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Thierry is passionate about Web Design and CSS. He loves the challenge of solving problems and dreaming up original ideas that get him out of bed in the morning … More about Thierry Koblentz

Styling Elements With Glyphs, Sprites and Pseudo-Elements

Quick Summary

In 2002, Mark Newhouse published the article “Taming Lists”, a very interesting piece in which he explained how to create custom list markers using pseudo-elements. Almost a decade later, Nicolas Gallagher came up with the technique pseudo background-crop which uses pseudo-elements with a sprite. Displaying icons in links and as custom list markers [fblike] Today, on the shoulders of giants, we’ll try to push the envelope. We’ll discuss how you can style elements with no extra markup and using a bidi-friendly high-contrast proof CSS sprite technique (you’ll find an example below). The technique will work in Internet Explorer 67 as well.

Table of Contents

In 2002, Mark Newhouse published the article “Taming Lists”, a very interesting piece in which he explained how to create custom list markers using pseudo-elements. Almost a decade later, Nicolas Gallagher came up with the technique pseudo background-crop which uses pseudo-elements with a sprite.

Today, on the shoulders of giants, we’ll try to push the envelope. We’ll discuss how you can style elements with no extra markup and using a bidi-friendly high-contrast proof CSS sprite technique. The technique will work in Internet Explorer 67 as well.

Displaying icons in links and as custom list markers

Starting with special characters

There is a plethora of glyphs out there that we could use instead of images to create custom markers. This should improve:

  • performance (there is no HTTP request)
  • usability (these characters will grow or shrink according to user’s settings)
  • maintenance (no sprite to create, no asset to deal with)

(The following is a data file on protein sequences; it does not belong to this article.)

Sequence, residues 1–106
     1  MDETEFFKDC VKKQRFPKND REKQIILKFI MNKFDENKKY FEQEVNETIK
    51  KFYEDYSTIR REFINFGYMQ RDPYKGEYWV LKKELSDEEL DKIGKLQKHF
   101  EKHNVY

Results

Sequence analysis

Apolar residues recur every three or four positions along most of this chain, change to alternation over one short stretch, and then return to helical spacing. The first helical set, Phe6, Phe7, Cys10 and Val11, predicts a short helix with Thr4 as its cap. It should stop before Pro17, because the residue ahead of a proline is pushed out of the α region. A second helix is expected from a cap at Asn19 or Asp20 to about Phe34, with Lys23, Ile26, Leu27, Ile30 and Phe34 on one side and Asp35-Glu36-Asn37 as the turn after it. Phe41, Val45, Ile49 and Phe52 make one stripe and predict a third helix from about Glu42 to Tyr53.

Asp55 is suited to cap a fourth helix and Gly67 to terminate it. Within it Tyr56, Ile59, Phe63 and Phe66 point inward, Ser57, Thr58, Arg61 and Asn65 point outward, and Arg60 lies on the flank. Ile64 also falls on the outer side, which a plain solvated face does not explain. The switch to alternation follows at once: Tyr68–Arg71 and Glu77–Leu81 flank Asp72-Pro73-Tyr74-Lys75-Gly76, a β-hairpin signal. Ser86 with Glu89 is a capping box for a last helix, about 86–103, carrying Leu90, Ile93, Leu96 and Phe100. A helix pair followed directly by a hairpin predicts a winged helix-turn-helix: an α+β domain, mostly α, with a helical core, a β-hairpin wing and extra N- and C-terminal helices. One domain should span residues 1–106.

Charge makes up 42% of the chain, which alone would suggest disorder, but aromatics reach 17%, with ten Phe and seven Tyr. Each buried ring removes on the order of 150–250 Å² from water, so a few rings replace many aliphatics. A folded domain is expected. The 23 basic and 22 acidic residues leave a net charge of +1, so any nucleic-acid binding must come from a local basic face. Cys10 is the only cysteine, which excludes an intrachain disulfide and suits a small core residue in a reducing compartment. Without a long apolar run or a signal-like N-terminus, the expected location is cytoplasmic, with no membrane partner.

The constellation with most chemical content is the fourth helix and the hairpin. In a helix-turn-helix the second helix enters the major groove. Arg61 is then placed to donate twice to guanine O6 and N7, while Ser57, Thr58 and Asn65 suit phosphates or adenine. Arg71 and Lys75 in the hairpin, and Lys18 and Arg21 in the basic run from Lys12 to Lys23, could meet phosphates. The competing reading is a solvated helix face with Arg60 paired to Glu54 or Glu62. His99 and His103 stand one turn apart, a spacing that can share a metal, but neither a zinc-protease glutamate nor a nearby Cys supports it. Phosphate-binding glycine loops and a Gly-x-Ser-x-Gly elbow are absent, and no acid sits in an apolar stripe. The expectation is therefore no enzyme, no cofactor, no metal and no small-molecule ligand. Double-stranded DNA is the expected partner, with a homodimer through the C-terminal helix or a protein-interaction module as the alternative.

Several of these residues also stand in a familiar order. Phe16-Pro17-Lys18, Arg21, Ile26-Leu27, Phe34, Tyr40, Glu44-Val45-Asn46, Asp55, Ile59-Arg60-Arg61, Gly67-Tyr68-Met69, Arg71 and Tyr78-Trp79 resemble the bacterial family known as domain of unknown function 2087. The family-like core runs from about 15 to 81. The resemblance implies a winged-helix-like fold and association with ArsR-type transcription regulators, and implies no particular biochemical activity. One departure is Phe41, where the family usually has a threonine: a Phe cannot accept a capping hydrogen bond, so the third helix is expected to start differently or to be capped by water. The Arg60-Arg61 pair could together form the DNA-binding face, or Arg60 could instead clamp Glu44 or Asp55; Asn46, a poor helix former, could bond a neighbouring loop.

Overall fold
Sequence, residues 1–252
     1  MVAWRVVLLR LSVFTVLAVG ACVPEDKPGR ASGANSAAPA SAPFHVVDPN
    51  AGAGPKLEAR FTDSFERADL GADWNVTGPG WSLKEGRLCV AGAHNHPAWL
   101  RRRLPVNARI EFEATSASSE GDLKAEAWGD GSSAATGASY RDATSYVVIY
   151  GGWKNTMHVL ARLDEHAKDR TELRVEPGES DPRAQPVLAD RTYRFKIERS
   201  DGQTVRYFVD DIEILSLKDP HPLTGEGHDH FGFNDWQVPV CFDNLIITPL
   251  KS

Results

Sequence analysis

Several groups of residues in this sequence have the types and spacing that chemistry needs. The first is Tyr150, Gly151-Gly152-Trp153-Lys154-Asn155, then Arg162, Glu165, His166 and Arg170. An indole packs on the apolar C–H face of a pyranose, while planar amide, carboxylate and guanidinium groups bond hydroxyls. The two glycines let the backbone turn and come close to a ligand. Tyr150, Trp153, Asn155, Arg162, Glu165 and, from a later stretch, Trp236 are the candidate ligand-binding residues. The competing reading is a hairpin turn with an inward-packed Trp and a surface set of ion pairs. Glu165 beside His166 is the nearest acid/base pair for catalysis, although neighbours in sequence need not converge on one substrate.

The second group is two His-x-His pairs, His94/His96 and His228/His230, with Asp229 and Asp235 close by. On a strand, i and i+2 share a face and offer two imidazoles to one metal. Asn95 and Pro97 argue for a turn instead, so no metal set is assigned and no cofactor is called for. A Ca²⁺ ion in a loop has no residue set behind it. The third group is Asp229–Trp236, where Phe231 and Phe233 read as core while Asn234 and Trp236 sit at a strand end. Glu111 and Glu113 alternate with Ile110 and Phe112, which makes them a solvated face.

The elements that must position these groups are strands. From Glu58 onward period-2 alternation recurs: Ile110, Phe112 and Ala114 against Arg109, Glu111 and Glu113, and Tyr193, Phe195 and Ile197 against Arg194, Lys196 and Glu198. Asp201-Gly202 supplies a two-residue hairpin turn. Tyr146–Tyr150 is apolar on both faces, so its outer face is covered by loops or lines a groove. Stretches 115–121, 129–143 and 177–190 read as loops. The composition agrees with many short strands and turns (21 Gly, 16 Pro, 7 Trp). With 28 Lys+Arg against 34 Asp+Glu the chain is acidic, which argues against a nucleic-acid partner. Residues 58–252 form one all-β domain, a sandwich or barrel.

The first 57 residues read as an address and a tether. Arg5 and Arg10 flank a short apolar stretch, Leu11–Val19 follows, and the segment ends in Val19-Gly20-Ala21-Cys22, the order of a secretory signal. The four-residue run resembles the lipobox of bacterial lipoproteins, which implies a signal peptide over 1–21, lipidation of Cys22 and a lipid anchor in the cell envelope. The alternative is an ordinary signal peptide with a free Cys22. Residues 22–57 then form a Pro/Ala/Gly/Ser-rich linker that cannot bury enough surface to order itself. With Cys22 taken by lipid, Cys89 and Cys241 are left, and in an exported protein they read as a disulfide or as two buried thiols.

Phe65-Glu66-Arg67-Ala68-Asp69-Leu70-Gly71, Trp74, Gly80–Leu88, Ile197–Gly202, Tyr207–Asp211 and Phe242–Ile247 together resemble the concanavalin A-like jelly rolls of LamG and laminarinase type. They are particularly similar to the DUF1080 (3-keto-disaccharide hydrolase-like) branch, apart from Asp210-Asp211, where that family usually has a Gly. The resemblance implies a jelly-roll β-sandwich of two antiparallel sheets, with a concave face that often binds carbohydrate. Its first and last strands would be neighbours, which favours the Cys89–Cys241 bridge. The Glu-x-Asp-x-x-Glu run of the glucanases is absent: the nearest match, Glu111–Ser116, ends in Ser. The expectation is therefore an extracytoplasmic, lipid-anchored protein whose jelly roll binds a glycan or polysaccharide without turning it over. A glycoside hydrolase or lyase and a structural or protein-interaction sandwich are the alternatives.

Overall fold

• accessibility (see further below).

Example:

The markers (♠, ♣, ♥, ♦) in the list above are created via the following rules:

HTML:

<ul class="glyphs"> 
    <li class="one">performance</li>
    <li class="two">usability</li> 
    <li class="three red">maintenance </li> 
    <li class="four red">accessibility</li> 
</ul>

CSS:

.glyphs {
  list-style-type: none;
}

.glyphs li:before,
.glyphs b {
  display: inline-block;
  width: 1.5em;
  font-size: 1.5em;
  text-align: center;
}

.one {
        background-image: expression(this.runtimeStyle.backgroundImage="none",this.innerHTML = ''+this.innerHTML);
}
.one:before {
        content: "2660"; /* ♠ */
}
.two {
        background-image: expression(this.runtimeStyle.backgroundImage="none",this.innerHTML = ''+this.innerHTML);
}
.two:before {
        content: "2663"; /* ♣ */
}
.three {
        background-image: expression(this.runtimeStyle.backgroundImage="none",this.innerHTML = ''+this.innerHTML);
}
.three:before {
        content: "2665"; /* ♥ */
}
.four {
        background-image: expression(this.runtimeStyle.backgroundImage="none",this.innerHTML = ''+this.innerHTML);
}
.four:before {
        content: "2666"; /* ♦ */
} 

.red b,
.red:before {
  color: red;
}

How does this work?

  • The value of the content property must be an escaped reference to the hexadecimal Unicode character”) value (for IE, we use HTML entities).
  • Internet Explorer 67 do not support ::before nor :before, so the characters are plugged via CSS expressions.
  • IE8 does not support ::before, but does support the single colon notation
  • Please notice that putting aside browser support, “there’s no difference between :before and ::before, or between :after and ::after. The single colon syntax (e.g. :before or :first-child) is the syntax used for both pseudo-classes and pseudo-selectors in all versions of CSS prior to CSS3. With the introduction of CSS3, in order to make a differentiation between pseudo-classes and pseudo-elements, in CSS3 all pseudo-elements must use the double-colon syntax, and all pseudo-classes must use the single-colon syntax.”
  • In IE, characters are wrapped in <b> elements, so we have a means to target and style them (you may rather want to rely on a class name for that).

Note that the CSS expressions we use here are not as bad as the ones generally used to mimic min-width and the like. These are only evaluated once, which should result in a small performance hit.

Displaying Images Via Pseudo-Elements

The main advantage of using a pseudo-element for the sole purpose of displaying an image is that it allows designers to crop a sprite. Actually, this is nothing new, and many websites are already using extra (aka “junk”) markup to achieve this. For example, Yahoo! Search uses empty <s> and Facebook uses empty <i> tags for this purpose. Going this route allows for the creation of compact CSS sprites, without empty space between the images within the sprite.

The two examples below do not use extra markup and they both share the same sprite:

sprite

The two images below — which are the second icon in the sprite — are generated using each technique, respectively.

Nicolas Gallagher’s method


Styling the pseudo-element with a background image:

#first:before {
    content: "";